No 10 refuses to deny claims over PM charity plan to fund Downing St flat revamp

The door to Number 10 Downing Street

The door to Number 10 Downing Street - Credit: PA

Downing Street has refused to deny reports that Boris Johnson is considering setting up a charity to pay for the refurbishment of his official flat.

The Daily Mail reported that the scheme – based on one used by the White House – could be funded by wealthy Tory benefactors.

The move comes amid reported concerns over the spiralling costs of the refurbishment of the flat over No 11 overseen by Johnson’s fiancee, Carrie Symonds.

However, it raised questions over possible conflicts of interest, offering a potential backdoor way of providing a financial benefit to the prime minister.

MORE: Boris Johnson contemplates charity fund to bankroll Carrie Symonds' Downing Street refurb

Johnson’s press secretary Allegra Stratton described the report as “speculation”, while his official spokesman referred journalists to the Cabinet Office annual report and accounts – which have yet to be published for the relevant period.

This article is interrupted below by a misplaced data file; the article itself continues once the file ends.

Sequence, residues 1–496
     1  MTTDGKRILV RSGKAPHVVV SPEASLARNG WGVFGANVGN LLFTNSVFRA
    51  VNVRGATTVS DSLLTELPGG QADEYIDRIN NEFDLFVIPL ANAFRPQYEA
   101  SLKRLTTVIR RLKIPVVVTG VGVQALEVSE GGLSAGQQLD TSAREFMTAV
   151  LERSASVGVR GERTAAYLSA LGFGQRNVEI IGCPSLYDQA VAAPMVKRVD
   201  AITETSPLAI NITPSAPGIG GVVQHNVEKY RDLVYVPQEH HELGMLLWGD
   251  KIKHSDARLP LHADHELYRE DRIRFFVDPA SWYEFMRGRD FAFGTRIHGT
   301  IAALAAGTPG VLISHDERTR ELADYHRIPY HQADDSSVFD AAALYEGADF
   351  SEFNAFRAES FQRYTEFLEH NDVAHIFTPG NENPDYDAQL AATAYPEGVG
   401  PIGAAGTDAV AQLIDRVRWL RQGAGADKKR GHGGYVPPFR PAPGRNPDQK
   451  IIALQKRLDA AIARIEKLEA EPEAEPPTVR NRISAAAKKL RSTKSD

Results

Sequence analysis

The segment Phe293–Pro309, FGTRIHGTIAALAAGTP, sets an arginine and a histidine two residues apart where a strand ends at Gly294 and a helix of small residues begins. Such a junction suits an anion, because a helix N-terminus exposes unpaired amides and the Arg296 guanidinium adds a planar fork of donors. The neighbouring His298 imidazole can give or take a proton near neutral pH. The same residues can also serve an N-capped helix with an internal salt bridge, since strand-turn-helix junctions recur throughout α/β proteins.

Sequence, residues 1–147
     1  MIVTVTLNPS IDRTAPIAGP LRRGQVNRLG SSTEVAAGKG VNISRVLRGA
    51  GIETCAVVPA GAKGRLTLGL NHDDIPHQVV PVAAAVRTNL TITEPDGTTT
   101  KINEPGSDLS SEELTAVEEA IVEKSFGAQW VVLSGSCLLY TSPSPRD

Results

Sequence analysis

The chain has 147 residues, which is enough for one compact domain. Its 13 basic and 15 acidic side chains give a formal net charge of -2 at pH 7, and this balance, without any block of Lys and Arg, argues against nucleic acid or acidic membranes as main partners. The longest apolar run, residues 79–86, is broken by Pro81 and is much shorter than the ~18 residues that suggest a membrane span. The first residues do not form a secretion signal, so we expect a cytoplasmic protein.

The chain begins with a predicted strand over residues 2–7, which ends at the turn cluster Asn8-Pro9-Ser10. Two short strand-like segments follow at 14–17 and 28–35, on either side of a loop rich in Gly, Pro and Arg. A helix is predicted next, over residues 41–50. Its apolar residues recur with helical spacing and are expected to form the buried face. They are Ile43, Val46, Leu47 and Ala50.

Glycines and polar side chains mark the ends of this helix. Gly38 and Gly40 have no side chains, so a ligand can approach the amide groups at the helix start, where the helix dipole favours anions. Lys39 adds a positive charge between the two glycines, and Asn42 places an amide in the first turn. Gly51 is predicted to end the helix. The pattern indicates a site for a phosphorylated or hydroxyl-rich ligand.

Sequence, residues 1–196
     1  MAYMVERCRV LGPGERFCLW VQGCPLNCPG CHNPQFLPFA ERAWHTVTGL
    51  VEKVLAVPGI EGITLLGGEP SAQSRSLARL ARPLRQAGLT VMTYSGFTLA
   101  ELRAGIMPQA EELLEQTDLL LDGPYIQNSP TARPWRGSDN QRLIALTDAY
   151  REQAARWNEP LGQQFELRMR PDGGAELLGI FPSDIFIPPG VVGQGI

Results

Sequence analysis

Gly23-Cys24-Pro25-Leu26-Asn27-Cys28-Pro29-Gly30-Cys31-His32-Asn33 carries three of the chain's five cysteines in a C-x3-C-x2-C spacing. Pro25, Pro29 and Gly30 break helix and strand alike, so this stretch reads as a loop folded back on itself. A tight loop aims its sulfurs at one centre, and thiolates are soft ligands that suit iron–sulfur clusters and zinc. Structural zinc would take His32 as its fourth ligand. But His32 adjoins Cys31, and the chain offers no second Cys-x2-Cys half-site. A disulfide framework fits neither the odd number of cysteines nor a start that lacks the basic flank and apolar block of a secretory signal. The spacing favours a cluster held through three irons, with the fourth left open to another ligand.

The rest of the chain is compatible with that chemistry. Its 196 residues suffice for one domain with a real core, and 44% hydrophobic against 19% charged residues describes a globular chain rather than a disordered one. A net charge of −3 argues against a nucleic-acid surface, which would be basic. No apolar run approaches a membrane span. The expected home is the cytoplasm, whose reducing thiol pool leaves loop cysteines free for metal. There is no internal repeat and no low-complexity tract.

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“That is where we set out the details of what has happened,” the spokesman said.

“Downing Street is a working building as has been the case under successive administrations, refurbishment and maintenance are made periodically.”

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Stratton added: “Downing Street is maintained to appropriate standards for the Grade I and II listed building that it is.

“The Cabinet Office sits in oversight of that. As things stand there is already a process in place for maintaining it to the right standard.”

Earlier, Johnson denied that members of his No 10 team were at war with each other, following a series of hostile press briefings aimed at s Symonds.

In an interview with The Sun, the PM insisted his Downing Street operation was a “nest of singing birds” and that they were “mono-maniacally” focused on dealing with the Covid pandemic.

It follows the dramatic departure last year of Johnson’s chief adviser Dominic Cummings after he reportedly clashed with Symonds in a bitter No 10 power struggle.

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